Supercomputers across Europe were infected with cryptocurrency mining malware, forcing operators to shut the systems down to investigate the attack.

Many of the impacted systems are used to run workloads that hope to help in the fight against Covid-19, along with other important research.

While there have been several reports of cyber attacks on Covid-19 research institutions by foreign nation-states, this currently does not appear to be the case with this recent spate of attacks. The European Grid Infrastructure (EGI) security team released details on two of the recent attacks, stating they found mining malware on supercomputer servers. "If true, it is more likely these are criminal financially motivated attacks than the espionage attacks against research centers that the FBI has warned about this week," security company Cado said in a blog post.

When they are needed most

– The University of Edinburgh

The University of Edinburgh was the first to declare that something was wrong, last Monday reporting a "security exploitation on the ARCHER login nodes."

ARCHER, one of the UK's most powerful supercomputers, is still offline as the system is scanned and all of ARCHER’s existing passwords and SSH keys are rewritten. The university said that it is working with the National Cyber Security Centre (NCSC) and system manufacturer HPE/Cray.

"There is currently nothing to suggest that any research, client or personal data has been impacted by this issue and all relevant stakeholders are being updated," a University of Edinburgh spokesperson said.

Later that day, bwHPC, the group coordinating research projects across Baden-Württemberg, supercomputers in Germany said that five of its high-performance computing clusters had to be shut down due to similar "security incidents."

Among the affected systems is the powerful Hawk supercomputer at the University of Stuttgart.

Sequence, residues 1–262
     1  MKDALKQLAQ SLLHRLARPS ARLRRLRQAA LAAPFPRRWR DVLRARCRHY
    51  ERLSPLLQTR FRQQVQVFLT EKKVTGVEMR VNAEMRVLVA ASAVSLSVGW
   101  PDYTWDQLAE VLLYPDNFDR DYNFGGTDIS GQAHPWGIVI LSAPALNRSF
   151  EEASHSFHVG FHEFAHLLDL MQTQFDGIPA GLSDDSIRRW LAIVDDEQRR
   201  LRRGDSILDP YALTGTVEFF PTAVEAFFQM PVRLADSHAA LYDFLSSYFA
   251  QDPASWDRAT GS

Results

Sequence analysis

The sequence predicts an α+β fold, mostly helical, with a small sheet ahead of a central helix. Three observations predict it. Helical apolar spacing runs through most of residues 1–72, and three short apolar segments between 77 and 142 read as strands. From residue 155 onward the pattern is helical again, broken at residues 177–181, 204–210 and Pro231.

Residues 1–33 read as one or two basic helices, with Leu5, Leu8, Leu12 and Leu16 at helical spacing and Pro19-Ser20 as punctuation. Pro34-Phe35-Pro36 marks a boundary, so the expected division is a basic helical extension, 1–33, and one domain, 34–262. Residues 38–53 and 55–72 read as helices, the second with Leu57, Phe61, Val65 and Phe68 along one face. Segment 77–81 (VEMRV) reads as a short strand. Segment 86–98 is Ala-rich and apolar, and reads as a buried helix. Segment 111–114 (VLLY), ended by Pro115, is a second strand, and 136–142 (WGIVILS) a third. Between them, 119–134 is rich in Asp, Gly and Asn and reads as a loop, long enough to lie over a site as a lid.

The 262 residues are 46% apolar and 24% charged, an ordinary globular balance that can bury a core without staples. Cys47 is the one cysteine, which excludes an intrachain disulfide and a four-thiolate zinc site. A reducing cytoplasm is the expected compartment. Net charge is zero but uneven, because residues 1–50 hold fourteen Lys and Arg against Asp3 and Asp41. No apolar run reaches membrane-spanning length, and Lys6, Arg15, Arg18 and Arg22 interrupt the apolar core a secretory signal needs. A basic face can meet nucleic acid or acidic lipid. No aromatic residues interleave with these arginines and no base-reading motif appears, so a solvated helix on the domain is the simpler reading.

Then, over in Spain, security researcher Felix von Leitner on Wednesday claimed that a supercomputer in Barcelona had been hit, and was brought offline to clean the system.

The next day, the news continued: First, the Leibniz Computing Center declared a security breach, and took its cluster offline. Next, the Jülich Research Center shut down the JURECA, JUDAC, and JUWELS supercomputers, followed by the Taurus system at the Technical University in Dresden.

Over the weekend, it was revealed that a cluster at the Faculty of Physics at the Ludwig-Maximilians University in Munich, Germany had been impacted, and that the Swiss Center of Scientific Computations (CSCS) was equally affected.

"Artificial intelligence and supercomputers are at the forefront of the coronavirus response," the European Commission said in a tweet last month.

"Three powerful European supercomputing centres in Bologna, Barcelona and Jülich are currently being used to research and develop vaccines, treatments and diagnoses for the coronavirus."

The attacks may have spread outside of Europe, with Cado Security claiming that they "found an additional server that belongs to a super-computer cluster operated by a well-known University in the United States" The company said: "We are reaching out to them as they may also be compromised."